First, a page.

By Ken Lain, the mountain gardener
This has been a crazy week for garden center owners and their suppliers. It’s the annual mad rush to harvest, ship, unload, set up, and show off tractor trailer – loads of plants for the coming holiday season. Fully packed trucks hurriedly deliver trees, poinsettias, Christmas cactuses, amaryllises, fresh wreaths and garlands only to run back to the farm and fill up for another hurried load. It’s a busy time, but exciting to feel the energy of the season ignite each day!
I realize next weekend is when most folks traditionally buy their Christmas trees, but before walking onto the lot you should know how to choose the freshest cut tree, what type of tree choices you’ll find, and which trees will stay “fresh” longer. This is an article you might want to print out, or bookmark by you computer, Kindle, and iPad readers.
Something you should know before buying your tree: there are trees being marketed that have been cut for a month or more and either sprayed with artificial preservatives, or soaked in ponds or lakes while waiting for their ship dates. Farms that use these techniques harvest and ship for the national chains. If the tree looks like it has been cut weeks ago, it probably was.
Stay away from trees that have been displayed in the Arizona sun. Our sun is so intense, the air so dry and windy, that just a few days of standing in our mountain sun can make the difference between a tree that will make it safely to Christmas and one that is a tinder box waiting to self-ignite .
Some natural needle drop from last spring is expected, but any brown needles should be in the middle of the tree, not dropping off the branches’ tips. Green needles leaping off the branch as your hand glides across the branch is never good; stay away from those trees no matter how fresh they look. Fresher green needles will stay on the tree.
Not all trees are equal when it comes to freshness. At Watters we sell three different varieties of Christmas trees. In order of longest lasting freshness to the shortest lived cut tree they are: Fraser fir, Nordmann fir, and the Douglas fir, which dries out the fastest of all the varieties. Of course, shape, size, color, and texture all go into choosing a Christmas tree, but if you’re stuck on making a decision, use our 3-tree freshness guide.
A fresh tree should be heavy, because as the tree loses moisture it loses weight. If deciding between two trees, choose the heavier one. A tree retaining less water will dry out more quickly.
A big trunk indicates a tree that can last longer because it can retain lots of water. The trunk of any tree is much like a cluster of straws glued together. The capillaries store and move water up through the trunk. The larger the trunk, the more water-retaining straws there are, and the “fresher” a tree will be. The wider the trunk, the better; just make sure it will fit your Christmas tree stand!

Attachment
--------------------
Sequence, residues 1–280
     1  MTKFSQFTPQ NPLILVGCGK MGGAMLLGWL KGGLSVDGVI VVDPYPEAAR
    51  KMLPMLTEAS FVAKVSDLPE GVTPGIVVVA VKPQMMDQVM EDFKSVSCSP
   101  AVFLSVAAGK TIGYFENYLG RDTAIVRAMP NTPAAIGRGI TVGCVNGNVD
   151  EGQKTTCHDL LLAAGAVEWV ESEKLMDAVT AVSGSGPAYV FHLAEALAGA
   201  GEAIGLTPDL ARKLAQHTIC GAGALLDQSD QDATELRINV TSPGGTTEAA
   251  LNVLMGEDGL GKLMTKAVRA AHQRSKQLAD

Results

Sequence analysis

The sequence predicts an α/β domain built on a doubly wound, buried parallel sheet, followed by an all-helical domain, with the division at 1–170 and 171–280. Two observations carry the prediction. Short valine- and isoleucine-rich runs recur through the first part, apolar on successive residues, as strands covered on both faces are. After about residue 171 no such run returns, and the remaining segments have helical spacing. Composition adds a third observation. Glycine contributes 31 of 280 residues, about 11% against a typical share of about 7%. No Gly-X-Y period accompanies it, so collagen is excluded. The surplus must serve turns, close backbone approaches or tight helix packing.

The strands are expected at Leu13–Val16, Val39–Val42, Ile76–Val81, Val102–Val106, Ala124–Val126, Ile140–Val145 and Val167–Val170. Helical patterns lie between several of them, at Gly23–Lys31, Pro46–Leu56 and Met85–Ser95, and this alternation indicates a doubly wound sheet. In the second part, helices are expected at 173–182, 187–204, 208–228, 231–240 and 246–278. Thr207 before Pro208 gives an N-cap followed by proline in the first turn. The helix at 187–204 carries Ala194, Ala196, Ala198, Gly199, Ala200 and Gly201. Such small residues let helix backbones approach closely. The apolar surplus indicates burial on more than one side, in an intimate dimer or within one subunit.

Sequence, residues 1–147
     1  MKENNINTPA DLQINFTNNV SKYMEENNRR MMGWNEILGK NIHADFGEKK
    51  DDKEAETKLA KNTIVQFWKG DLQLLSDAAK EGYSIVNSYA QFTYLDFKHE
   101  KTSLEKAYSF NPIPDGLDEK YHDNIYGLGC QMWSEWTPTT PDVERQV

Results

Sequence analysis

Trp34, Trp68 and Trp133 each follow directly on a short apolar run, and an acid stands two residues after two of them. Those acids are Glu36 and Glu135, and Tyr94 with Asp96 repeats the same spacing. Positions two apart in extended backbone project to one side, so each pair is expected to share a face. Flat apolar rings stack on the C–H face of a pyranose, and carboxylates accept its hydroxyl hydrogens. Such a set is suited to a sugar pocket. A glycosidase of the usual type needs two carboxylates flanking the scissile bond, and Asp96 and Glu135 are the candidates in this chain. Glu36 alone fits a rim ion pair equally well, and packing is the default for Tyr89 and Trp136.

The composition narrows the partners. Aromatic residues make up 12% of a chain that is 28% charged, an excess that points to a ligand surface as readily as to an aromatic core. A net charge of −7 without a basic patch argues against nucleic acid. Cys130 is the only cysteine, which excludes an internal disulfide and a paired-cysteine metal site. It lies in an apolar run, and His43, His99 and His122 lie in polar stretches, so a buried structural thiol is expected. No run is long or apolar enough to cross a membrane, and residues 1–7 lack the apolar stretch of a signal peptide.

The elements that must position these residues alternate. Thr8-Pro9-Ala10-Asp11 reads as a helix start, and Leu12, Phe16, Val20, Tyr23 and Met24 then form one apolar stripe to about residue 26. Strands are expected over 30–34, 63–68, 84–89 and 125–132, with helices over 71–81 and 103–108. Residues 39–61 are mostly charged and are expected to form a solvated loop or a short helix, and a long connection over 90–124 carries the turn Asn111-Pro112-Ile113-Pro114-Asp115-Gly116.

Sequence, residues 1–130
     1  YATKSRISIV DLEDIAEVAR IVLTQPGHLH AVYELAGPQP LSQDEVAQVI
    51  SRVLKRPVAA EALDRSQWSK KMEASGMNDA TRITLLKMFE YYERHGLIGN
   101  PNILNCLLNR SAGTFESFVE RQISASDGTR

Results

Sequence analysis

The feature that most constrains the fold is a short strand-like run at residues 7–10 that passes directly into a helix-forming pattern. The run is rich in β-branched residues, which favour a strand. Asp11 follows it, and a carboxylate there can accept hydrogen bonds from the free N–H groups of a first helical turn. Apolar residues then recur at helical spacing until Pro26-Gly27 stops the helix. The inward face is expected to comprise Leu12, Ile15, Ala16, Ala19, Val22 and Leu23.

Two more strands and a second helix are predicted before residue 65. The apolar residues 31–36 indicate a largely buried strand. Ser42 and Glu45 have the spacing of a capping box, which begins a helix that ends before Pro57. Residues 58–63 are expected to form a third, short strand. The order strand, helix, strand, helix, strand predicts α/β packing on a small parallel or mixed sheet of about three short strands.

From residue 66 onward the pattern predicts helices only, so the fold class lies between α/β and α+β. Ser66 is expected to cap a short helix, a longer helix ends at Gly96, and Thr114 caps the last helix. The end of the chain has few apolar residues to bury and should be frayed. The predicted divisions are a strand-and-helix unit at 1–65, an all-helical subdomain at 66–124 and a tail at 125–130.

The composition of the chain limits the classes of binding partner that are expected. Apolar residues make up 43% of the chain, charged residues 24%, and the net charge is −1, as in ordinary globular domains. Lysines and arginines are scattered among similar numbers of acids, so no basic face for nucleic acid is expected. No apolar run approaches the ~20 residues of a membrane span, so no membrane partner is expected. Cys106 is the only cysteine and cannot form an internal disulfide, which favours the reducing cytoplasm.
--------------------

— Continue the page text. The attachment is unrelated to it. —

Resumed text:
This may be the season to upgrade your stand. I especially like the rebar Christmas tree stands made by Purcell Manufacturing. A stainless steal spike holds the tree perfectly straight, even out-of-doors in the wind, and easily holds 1 ½ gallons of water. If unsure about which stand to choose, ask for advice on the best one for your tree.
‘Cloud Cover’ guarantees a tree will last through the New Year. This clear spray is used to coat the needles with a festive sheen; but, more importantly, it prevents the tree from perspiring. If the tree doesn’t lose moisture through its needles it will retain more water and stay fresher longer. Cloud Cover is a must for very dry homes or those that are kept on the warmer side of their thermostats.
Tree Preservative added to the water basin really works! It keeps a tree’s pores open and allows water uptake deeper into the tree. Stay away from adding sugar or carbonated drinks; they simply clog the tree’s system and reduce water absorption. Trees can drink over a pint of water each day, so check the water level daily and supply lukewarm water as needed. All the more reasons for a tree stand that holds a gallon or more of water.
For you e-readers, hit the share button so your friends and followers can have all this information and become Christmas tree expert buyers just as you have!
Until next week, I’ll see you amongst the Christmas trees.
Ken can be found throughout the week at Watters Garden Center, 1815 W. Iron Springs Rd in Prescott, or contacted through his web site at WattersGardenCenter.com or FB.com/WattersGardenCenter .